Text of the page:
Tribune Editorial: Impeachment proceeds as it should
A copy of House Resolution 755 is on a desk for a House Judiciary Committee markup of the articles of impeachment against President Donald Trump, on Capitol Thursday, Dec. 12, 2019, in Washington. (AP Photo/Alex Brandon)
To paraphrase Mr. Jefferson
When in the course of human events, it becomes necessary to confront the clear and unrefuted wrongdoing of someone in high political office, and to assume among the powers granted to Congress by the U.S. Constitution the duty to oversee, investigate and, if warranted, impeach and remove the president of the United States, a decent respect to the opinions of mankind requires that the Congress should declare the causes which impel them to the action.
That is what the House Judiciary Committee, acting on information and testimony gathered by the House Intelligence Committee, did last week in voting to refer two articles of impeachment
to the full House of Representatives. Given the information it had before it, combined with other widely known acts of this president, that panel really had no choice.
To end the process at that point, with all that is known about the president’s conduct and his unremitting stonewalling of the investigation, would be an affront to the Constitution and to democracy.
The full House will have a choice, probably in the coming week, of whether or not to approve one or both articles and send them along to the Senate for trial, the procedure specified in the Constitution. And then, by that same Constitution, the choice of whether to remove the president from office, and whether to disqualify him from holding any federal office in the future, will fall to the Senate.
Some in both chambers may honestly believe that the removal of a duly elected president, less than a year before he is to face the voters, would be overreach. But there is no question that this president has committed impeachable acts.
His blatant threat to withhold millions in congressionally approved security assistance to Ukraine, which was and is facing an ongoing threat of Russian hegemony, unless that nation’s president helped our nation’s president spread damaging rumors about one of his key political rivals placed the security of both nations, and the world, behind the president’s own personal and political interests.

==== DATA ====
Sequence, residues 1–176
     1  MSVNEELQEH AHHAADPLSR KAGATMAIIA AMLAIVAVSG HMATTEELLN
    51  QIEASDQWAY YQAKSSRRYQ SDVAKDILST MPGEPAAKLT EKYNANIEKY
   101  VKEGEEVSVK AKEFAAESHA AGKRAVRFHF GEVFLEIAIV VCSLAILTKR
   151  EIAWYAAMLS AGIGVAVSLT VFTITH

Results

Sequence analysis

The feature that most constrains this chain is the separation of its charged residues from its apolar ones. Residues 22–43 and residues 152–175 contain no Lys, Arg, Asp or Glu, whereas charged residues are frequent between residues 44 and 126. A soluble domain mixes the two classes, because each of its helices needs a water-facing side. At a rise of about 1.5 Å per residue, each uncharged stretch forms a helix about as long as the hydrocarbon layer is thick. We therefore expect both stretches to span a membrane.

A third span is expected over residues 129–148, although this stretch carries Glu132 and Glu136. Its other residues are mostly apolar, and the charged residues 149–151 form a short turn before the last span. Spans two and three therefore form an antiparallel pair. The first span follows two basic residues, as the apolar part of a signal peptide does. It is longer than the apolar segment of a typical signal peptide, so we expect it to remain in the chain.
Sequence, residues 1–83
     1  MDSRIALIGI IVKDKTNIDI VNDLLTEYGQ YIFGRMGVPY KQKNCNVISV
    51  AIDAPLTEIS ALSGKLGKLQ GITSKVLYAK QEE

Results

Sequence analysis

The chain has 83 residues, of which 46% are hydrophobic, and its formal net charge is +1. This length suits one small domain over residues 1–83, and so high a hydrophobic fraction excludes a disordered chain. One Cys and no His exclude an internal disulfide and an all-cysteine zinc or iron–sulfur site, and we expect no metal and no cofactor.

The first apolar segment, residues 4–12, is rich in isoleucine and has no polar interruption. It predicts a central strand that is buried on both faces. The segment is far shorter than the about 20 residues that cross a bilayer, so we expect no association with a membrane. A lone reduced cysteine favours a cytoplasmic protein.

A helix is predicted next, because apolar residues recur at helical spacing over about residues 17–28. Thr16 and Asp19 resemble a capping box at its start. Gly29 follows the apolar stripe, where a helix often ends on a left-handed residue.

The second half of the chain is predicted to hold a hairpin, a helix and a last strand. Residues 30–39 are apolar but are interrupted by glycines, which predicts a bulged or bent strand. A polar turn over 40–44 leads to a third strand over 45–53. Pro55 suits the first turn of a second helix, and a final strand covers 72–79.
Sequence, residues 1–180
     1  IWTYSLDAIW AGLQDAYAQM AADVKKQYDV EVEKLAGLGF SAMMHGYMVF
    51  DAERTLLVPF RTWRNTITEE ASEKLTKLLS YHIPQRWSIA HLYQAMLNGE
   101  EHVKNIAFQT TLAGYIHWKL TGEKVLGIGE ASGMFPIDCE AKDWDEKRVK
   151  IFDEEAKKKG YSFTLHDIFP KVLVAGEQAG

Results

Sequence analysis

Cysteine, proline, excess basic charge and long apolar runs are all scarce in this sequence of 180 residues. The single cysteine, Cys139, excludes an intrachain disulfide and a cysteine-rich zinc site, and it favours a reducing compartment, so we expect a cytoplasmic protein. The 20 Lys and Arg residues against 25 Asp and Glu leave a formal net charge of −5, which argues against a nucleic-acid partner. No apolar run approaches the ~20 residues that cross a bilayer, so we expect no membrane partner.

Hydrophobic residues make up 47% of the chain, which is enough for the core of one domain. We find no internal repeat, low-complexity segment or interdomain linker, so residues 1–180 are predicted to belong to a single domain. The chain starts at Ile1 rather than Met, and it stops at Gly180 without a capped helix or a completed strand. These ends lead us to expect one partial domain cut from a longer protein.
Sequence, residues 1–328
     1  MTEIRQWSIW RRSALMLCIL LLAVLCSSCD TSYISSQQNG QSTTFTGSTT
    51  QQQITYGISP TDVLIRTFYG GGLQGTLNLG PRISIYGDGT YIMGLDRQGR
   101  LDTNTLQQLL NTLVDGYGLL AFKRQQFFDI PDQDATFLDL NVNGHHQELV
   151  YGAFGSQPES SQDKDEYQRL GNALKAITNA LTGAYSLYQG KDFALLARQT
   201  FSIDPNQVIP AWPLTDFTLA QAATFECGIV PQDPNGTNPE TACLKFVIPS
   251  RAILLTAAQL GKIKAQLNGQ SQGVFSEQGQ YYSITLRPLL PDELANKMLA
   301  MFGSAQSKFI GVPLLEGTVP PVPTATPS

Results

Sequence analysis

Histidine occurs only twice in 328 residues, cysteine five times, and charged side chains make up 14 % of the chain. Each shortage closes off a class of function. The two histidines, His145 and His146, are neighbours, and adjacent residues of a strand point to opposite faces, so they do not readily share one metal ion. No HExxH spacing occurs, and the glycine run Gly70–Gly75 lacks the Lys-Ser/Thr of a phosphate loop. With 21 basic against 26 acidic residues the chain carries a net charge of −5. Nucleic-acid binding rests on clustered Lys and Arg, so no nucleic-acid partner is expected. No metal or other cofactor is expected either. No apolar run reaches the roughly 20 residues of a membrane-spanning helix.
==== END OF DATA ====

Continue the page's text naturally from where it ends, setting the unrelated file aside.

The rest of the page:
And the administration’s refusal to assist or even participate in the committees’ work amounts to an unconstitutional obstruction of congressional oversight powers.
There are also many other clear violations of the spirit, if not the letter, of the Constitution that could have also led to articles of impeachment. The American intelligence community
, including the Republican-led Senate Intelligence Committee
, has concluded unanimously that the Russian government meddled in the 2016 presidential election with the intent of tipping the scales toward the current chief executive.
Since his inauguration, the president and members of his family have profited enormously from doing business with, and in, Russia, China and Saudi Arabia, nations that clearly do not always have the best interests of the American people at heart.
With all that in mind, it is disappointing to say the least that the coming actions will turn at least as much on naked partisanship as on the facts and the law. The Democrat-controlled House will almost certainly vote to impeach. The Republican-ruled Senate is highly likely to vote to acquit.
Much attention will be paid to two Utahns. Rep. Ben McAdams
is being counted among the few Democrats who may vote not to impeach, or to advocate for a vote of censure instead. Sen. Mitt Romney
is considered one, if not the only, Republican who might be moved to vote for removal.
Both of them, and all of their colleagues, ought to vote their conscience rather than their party. And, if the Senate does acquit, all it really will have done is to hand the matter back to the voters. And it would be difficult to argue that there is anything wrong with that.